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I am coding a tool to parse C++ code. I don't want to end up coding half of a compiler. Even though I am aware of Clang, that is too much for my purposes.

I was hand-parsing, but have come up against one too many coding styles.

I seek a tool which will parse C++ code, with only one important factor :

It must be able to put the entire function declaration on a single line.

So, things like

unsigned
int
myclass::
myfunc
(int x;
int y)
{
}

and all of its many variations, should become

unsigned int myclass::myfunc(int x; int y)
{
}

That’s all that I need for this particular project - the ability to find each function in a file and get it's return type.

Nice if it's Linux, but I can live with Windows.

GUI would be nice, with preview being a bonus.

Batch mode would be nice, including the ability to recursively process a given directory.

But none of those nice are mandatory, only the single line for the function declaration requirement is.

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    Partially. Replace all \n by [space], CTRL+A, CTRL+K then CTRL+F to format, then replace all { by \n{ and replace all } by \n} this can be scripted to go through all files. – Franck Feb 26 '15 at 14:11
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    Community Edition also have a Web version running of a webpage so compatible with virtually any operating systems – Franck Feb 26 '15 at 14:14
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    here the main web page. Right bottom corner you can signup for 5 free basic license. all code saved with Git so there is built in source control – Franck Feb 27 '15 at 12:44
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    "I seek a tool which will parse C++ code, with only one important factor : It must be able to put the entire function declaration on a single line." This is not a parser. Maybe you are looking for a C++ parser that you can use to build a prettyprinter. But that's not what your title says. Then you say, "you need to find each function and get its return type" So what it is you want? If you actually want the return type, you'll need preprocessing and symbol tables too. This SR request is very badly written. – Ira Baxter Mar 22 '15 at 9:04
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    @Mawg: ... So what do you mean, "you want the return type"? You want just the string of characters used to declare the type, or something deeper? If the function header is "int foo(...)" then the return type is obviously "int". What is the return type for "T foo(...)"; is it "T", or the typedef behind T? How about "A:B:C:T foo(...)"? What if the return type is template invocation? A macro call? Involves a prepreprocessor conditional? – Ira Baxter Aug 8 '15 at 6:58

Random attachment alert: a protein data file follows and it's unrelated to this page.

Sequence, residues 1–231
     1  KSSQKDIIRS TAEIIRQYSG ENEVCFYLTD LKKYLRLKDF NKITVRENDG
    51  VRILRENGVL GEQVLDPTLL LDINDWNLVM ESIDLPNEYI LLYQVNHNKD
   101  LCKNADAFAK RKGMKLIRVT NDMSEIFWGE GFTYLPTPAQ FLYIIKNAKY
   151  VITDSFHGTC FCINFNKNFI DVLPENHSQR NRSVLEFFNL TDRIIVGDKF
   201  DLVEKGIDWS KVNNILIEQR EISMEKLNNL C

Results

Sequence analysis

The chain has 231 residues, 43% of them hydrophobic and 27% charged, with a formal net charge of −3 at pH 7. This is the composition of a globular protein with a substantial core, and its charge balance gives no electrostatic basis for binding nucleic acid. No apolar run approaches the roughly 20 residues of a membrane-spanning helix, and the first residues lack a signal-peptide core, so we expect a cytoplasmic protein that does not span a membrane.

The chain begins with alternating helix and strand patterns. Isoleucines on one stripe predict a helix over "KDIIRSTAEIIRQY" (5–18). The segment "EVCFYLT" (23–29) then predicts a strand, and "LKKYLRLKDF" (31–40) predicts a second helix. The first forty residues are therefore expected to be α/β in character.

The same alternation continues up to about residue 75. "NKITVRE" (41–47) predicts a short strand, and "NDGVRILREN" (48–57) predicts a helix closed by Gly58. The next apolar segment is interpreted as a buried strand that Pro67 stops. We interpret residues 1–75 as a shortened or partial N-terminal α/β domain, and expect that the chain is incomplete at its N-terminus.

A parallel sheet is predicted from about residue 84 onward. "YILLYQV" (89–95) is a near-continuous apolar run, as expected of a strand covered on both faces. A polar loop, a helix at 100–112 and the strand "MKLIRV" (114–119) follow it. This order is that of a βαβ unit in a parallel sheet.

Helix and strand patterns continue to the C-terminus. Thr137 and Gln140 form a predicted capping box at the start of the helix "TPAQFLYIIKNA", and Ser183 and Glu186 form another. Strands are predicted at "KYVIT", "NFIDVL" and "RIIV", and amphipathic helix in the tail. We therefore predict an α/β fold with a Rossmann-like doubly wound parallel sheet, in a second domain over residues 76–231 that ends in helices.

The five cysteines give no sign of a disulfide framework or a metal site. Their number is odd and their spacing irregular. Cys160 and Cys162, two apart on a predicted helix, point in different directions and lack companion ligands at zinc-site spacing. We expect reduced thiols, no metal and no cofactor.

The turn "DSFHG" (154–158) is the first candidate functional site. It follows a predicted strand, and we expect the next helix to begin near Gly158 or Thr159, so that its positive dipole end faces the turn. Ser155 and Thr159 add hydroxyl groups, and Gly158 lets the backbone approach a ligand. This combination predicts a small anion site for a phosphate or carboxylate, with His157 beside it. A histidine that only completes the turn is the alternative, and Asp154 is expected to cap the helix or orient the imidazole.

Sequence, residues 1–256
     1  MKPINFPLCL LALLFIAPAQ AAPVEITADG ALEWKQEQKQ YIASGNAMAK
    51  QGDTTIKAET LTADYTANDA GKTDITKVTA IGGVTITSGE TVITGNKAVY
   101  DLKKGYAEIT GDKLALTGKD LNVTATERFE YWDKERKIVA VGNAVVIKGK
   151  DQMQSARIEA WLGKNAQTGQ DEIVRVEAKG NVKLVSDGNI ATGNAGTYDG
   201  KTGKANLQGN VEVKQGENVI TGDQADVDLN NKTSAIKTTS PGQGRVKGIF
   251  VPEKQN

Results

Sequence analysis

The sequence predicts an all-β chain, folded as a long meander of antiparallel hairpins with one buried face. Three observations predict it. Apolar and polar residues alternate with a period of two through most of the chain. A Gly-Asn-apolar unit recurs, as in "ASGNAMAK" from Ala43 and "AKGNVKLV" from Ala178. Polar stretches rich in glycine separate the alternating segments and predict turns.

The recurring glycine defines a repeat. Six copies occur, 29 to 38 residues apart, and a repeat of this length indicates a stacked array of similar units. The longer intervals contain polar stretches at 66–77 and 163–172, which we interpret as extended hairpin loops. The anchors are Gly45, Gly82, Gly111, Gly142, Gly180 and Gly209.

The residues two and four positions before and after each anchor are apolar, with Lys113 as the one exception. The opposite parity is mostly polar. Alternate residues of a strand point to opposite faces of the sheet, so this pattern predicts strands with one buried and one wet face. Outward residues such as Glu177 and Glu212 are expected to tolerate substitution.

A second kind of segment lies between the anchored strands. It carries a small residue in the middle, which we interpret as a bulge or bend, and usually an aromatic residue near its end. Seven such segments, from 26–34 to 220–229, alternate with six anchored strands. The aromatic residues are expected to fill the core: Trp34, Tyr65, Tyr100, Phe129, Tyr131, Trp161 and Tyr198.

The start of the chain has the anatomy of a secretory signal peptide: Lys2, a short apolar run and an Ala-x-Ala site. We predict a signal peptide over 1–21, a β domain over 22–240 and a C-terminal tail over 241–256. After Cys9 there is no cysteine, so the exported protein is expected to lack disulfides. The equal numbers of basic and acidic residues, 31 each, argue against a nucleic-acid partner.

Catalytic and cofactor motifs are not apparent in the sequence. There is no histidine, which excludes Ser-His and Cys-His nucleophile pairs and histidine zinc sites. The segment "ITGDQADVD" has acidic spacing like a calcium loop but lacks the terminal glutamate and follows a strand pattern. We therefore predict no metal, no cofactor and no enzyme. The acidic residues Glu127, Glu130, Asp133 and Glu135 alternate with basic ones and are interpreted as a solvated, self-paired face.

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http://astyle.sourceforge.net/

aStyle - no competition. I've been using this for a while now as I tend to write functions in notepad++ on my way to work and then beautify it with this before inclusion in projects - it really does a great job in my opinion.

  • does it support my single requirement? If so, how? – Mawg Feb 27 '15 at 7:52
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    Six months and no evidence this supports OP's requirement. Downvoting as "not a high quality answer". – Ira Baxter Aug 8 '15 at 6:49
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GNU Indent can handle this:

indent b.c

Input:

unsigned
int
myfunc
(int x;
int y)
{
}

Output:

unsigned int myfunc (int x; int y)
{
}
0

I don't want to end up coding half of a compiler

It's not that complicated for the feature you're requesting. Here is a Perl script to start you off.

The arrays keywords_nospace and keywords_space contain the words/characters at the end of the lines you want to combine. The first is for combining without spaces, and the second appends spaces.

use strict;
use warnings;

open(my $in, "<", $ARGV[0]) or die "Can't open file: $!";
open(my $out, ">", "restructured_$ARGV[0]");

my $word;
my @keywords_nospace = ("::","myfunc");
my @keywords_space = ("unsigned","int",";");

while (<$in>) {
   for $word (@keywords_nospace) {chomp if (/\Q$word\E$/i);} # removes trailing spaces and newline
   for $word (@keywords_space)
     {
       if (/\Q$word\E$/i)
     {
       chomp; # Removes trailing spaces and newline
       $_ = "$_ "; # Add a space at the end of the line
     }
     }
  print $out $_;
}

You can add as many keywords as you like. Save in a .pl file, and run in the command line using:

perl script_name.pl input.cpp

This should create a new file in the directory called restructured_input.cpp. I've tested it on your example function and got the desired output.

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    Just because this "works" on his specific example doesn't make this general. You can't "reformat" an arbitrary piece of C++ code without having a full C++ parser. Macros, preprocessor conditionals, types, template specifications (esp. ">>"), lambda declarations, nesting, you name it are all going to complicate what is on the "function header line" far beyond what this script (or any script that doesn't essentially parse) can do. – Ira Baxter Aug 8 '15 at 6:48
  • @IraBaxter It's not intended to be general. I understand that actual programs are more complex than that, but the OP asked for a very specific requirement and provided a very simple example. The answer matches those, and it only serves the purpose to show how it can be done for such simple cases. If the OP needs more requirements, it's up to him to specify them in the question as per the rules of this site. – Tymric Aug 8 '15 at 14:36
  • He said I seek a tool which will parse C++ code. I think it reasonable to assume he wanted to process arbitrary C++ code, not just the example. – Ira Baxter Aug 8 '15 at 16:07

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